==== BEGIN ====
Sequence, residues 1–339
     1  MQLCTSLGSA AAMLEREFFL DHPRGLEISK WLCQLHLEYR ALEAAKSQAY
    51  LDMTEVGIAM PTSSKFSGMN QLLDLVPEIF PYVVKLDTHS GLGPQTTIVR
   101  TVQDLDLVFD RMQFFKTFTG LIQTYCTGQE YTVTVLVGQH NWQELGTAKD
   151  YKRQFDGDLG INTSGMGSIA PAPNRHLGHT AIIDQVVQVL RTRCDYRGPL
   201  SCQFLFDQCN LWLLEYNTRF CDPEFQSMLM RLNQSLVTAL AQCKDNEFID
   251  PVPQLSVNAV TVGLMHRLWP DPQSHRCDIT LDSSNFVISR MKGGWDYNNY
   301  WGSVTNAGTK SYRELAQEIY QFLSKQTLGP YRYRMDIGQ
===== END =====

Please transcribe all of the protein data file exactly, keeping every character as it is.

Sequence, residues 1–339
     1  MQLCTSLGSA AAMLEREFFL DHPRGLEISK WLCQLHLEYR ALEAAKSQAY
    51  LDMTEVGIAM PTSSKFSGMN QLLDLVPEIF PYVVKLDTHS GLGPQTTIVR
   101  TVQDLDLVFD RMQFFKTFTG LIQTYCTGQE YTVTVLVGQH NWQELGTAKD
   151  YKRQFDGDLG INTSGMGSIA PAPNRHLGHT AIIDQVVQVL RTRCDYRGPL
   201  SCQFLFDQCN LWLLEYNTRF CDPEFQSMLM RLNQSLVTAL AQCKDNEFID
   251  PVPQLSVNAV TVGLMHRLWP DPQSHRCDIT LDSSNFVISR MKGGWDYNNY
   301  WGSVTNAGTK SYRELAQEIY QFLSKQTLGP YRYRMDIGQ